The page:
Living the Narrative Life
Gian S. Pagnucci, author of Living the Narrative Life, says ,
We ought to seek out stories. Even our troubles, the broken down car, the lost treasure, the embarrassing fall: when we become attuned to the ways these events create a storied life, they lose some of their bite, becoming, with some time and distance, moments to treasure. Once, walking out of an Eric Clapton concert that had cost $85 per ticket, I heard a tall, blonde man say to the friend next to him: “Sure, It was expensive, but what are your memories worth?” (55)
This is a glimpse of what Pagnucci means by “the narrative life.”
In our second annual Advanced Writing Institute this summer, we invite teachers to pursue their “narrative lives” in about ten days of writing, sharing and reflecting on how narrative shapes our personal and professional lives. We can compose teacher narratives, literacy narratives, family narratives, digital narratives, case studies, personal profiles —whatever uses narrative to explore a memory or topic.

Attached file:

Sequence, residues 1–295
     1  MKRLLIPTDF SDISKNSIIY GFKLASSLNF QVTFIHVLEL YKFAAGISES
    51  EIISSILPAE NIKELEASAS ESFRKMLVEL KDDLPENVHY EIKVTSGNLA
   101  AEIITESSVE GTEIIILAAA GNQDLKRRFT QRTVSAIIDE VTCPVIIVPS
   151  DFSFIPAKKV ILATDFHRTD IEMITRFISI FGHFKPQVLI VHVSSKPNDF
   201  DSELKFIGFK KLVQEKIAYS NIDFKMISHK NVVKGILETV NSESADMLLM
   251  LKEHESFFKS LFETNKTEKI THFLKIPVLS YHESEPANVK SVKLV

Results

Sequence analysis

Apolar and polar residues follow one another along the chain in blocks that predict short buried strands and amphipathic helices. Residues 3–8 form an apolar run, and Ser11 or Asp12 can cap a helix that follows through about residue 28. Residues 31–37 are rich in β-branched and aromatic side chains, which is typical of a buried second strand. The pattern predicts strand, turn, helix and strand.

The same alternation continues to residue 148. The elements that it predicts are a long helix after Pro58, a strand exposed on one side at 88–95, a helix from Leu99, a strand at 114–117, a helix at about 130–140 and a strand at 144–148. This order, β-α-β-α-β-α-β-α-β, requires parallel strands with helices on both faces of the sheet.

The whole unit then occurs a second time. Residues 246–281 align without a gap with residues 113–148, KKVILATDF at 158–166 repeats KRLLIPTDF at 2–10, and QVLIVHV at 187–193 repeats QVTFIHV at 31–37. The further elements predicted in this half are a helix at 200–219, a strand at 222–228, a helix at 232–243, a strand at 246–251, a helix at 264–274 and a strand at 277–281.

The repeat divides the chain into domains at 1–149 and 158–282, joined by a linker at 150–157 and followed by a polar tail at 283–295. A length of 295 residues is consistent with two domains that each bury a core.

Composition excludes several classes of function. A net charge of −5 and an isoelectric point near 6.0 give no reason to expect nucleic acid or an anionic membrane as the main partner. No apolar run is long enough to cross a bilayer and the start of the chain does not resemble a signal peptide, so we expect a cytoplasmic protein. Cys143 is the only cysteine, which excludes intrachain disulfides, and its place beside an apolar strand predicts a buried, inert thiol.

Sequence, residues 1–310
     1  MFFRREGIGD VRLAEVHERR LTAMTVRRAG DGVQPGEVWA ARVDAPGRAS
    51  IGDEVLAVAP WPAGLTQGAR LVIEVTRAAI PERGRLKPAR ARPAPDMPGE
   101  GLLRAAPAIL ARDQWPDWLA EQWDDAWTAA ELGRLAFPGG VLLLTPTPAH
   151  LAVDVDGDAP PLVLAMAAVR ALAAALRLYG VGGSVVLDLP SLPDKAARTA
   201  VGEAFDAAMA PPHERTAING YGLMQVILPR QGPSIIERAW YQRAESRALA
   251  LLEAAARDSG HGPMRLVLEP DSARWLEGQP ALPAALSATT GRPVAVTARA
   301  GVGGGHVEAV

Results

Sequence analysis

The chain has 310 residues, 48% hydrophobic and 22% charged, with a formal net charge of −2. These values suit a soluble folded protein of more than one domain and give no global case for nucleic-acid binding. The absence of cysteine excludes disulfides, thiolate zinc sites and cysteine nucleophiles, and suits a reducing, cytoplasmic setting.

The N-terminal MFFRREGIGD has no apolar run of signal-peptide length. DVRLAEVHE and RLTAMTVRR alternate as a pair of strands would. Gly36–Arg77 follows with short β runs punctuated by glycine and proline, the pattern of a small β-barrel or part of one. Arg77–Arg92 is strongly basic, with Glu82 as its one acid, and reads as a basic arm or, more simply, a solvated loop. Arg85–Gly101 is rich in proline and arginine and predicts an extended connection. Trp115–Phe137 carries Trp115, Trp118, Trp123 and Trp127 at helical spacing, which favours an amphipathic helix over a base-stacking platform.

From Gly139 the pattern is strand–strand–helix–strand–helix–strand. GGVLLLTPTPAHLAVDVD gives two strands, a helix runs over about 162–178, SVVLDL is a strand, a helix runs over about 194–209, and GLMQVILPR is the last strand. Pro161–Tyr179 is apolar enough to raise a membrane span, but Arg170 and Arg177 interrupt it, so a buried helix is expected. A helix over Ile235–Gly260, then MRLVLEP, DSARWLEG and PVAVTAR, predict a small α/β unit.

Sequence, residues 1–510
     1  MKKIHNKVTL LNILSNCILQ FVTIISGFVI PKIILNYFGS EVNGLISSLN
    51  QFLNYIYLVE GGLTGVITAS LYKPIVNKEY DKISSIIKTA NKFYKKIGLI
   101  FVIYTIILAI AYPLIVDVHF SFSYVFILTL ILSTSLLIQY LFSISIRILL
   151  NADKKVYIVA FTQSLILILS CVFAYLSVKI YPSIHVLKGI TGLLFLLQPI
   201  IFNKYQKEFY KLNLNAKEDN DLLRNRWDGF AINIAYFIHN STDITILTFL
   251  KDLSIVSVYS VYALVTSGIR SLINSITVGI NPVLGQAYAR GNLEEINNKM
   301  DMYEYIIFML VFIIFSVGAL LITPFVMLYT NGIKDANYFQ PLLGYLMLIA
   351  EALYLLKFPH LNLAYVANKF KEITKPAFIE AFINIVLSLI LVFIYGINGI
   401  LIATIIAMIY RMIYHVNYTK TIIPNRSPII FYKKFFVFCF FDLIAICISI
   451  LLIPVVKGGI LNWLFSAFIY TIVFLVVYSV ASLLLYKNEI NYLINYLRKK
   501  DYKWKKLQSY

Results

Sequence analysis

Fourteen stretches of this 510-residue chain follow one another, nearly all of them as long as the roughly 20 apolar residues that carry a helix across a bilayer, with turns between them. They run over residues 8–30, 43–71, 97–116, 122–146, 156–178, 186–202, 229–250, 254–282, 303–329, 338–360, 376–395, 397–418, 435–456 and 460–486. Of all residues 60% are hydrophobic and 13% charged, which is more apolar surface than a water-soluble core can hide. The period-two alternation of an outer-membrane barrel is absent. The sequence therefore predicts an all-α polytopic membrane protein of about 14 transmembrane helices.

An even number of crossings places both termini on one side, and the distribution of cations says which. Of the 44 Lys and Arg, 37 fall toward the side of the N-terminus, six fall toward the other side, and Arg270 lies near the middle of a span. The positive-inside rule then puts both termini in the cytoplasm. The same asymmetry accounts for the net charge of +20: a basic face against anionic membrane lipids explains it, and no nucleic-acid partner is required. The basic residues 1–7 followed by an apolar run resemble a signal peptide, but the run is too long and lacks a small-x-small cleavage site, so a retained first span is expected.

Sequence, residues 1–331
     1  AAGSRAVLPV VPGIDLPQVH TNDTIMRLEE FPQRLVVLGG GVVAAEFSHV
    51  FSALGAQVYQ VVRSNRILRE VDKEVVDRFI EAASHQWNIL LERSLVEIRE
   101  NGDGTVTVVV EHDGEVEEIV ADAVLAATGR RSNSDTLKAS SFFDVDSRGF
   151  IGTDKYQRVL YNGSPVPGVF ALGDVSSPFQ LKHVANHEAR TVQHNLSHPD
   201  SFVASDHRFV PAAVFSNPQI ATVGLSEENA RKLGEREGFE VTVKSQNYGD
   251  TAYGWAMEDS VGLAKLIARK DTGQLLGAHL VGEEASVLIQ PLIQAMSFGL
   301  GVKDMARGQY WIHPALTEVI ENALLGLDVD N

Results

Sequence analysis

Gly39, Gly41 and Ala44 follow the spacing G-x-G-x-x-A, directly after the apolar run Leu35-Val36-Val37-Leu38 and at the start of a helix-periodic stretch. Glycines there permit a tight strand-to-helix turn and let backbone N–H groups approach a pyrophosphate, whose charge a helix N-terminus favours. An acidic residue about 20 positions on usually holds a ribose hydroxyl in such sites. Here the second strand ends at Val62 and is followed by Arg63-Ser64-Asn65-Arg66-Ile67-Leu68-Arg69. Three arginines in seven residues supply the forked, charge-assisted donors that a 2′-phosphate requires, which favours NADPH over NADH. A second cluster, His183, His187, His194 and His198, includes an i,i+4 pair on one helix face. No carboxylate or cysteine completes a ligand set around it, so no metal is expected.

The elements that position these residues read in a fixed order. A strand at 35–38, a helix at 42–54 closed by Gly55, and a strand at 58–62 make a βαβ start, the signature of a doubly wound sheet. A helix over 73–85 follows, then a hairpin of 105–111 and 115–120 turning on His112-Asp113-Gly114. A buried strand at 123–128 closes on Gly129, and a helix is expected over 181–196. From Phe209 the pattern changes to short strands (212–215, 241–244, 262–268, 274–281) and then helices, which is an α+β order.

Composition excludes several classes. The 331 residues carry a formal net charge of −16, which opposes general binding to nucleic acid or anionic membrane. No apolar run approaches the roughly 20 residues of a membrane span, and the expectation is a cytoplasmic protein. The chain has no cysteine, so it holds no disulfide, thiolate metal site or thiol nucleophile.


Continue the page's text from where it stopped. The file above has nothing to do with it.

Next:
As we did last summer, we will set a goal to publish our pieces in journals or books or monographs or whatever form of dissemination seems appropriate. We will support each other to complete some important narrative from our lives.
The institute will be centered around seven days in July, the 21st to the 29th and a pre-institute and post-institute meeting. At the pre-institute meeting we will set our individual writing goals for the institute and at the post-institute meeting reflect on our present or future steps toward publication. We are anxious to recruit our active teacher/ writers as consultants as well as participants in this institute.
In another article in the Winter Newsletter, Sarah Soebbing reflects on our Continuity Group’s goal to write a book of teacher narratives. This is the first time a Continuity Group has set a goal of publication, but I hope it is the beginning of an active writing community among the teachers of the Eastern Michigan Writing Project. We need each other to support the urge to write. Without our community, our best efforts lie dormant in our journals.
Following the model of last summer, we will offer the institute with three ways to pay: $100. fee for EMWP teachers, $200 for teachers who are not EMWP members, and the cost of three graduate credits for those registering for credit (Engl 592). Naturally we are eager for everyone to take this for credit, because it seals a commitment, but we are trying to be as inclusive as possible.
For more information and to express interest in participation, contact Bill Tucker, Institute Director.